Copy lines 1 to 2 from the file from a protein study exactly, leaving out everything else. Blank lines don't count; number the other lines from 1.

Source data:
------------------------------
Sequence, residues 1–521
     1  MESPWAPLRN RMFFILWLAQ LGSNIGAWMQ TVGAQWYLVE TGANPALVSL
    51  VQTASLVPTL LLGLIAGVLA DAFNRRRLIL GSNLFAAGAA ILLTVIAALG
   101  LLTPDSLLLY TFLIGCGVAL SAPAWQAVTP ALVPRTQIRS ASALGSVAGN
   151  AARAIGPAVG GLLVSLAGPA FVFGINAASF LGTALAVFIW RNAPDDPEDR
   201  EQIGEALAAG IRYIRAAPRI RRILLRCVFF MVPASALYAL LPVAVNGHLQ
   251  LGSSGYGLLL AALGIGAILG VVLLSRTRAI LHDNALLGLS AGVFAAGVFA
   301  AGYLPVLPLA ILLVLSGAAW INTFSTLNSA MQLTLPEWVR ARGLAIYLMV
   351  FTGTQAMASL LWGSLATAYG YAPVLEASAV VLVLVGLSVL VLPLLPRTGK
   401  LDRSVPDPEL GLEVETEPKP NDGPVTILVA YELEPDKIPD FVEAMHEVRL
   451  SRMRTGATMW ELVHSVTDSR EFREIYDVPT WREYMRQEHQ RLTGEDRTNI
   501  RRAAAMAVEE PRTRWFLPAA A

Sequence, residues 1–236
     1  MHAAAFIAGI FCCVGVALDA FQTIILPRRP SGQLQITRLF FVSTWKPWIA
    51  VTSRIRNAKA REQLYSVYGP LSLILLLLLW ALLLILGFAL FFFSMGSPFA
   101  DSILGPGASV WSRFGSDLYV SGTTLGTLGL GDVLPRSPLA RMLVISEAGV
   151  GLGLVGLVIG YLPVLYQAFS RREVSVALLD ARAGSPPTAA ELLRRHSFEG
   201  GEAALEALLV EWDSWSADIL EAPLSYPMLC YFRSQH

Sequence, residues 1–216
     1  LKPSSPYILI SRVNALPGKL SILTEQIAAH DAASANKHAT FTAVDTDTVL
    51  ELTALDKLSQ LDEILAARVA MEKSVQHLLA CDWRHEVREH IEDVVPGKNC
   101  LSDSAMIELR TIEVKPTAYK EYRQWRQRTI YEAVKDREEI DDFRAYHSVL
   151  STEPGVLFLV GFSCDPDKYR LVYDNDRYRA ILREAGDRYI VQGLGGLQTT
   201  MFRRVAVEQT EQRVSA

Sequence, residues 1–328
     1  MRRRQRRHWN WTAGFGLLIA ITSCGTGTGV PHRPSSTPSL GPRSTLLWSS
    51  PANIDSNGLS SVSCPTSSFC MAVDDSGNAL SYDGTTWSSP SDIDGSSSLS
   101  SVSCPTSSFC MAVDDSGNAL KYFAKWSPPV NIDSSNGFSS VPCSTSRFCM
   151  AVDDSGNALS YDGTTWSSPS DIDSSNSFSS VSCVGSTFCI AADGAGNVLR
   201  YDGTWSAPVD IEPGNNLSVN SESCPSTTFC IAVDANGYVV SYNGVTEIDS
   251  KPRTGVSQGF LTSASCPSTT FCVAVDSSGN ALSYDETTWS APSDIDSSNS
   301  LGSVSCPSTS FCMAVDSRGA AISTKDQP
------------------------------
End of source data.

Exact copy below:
Sequence, residues 1–521
     1  MESPWAPLRN RMFFILWLAQ LGSNIGAWMQ TVGAQWYLVE TGANPALVSL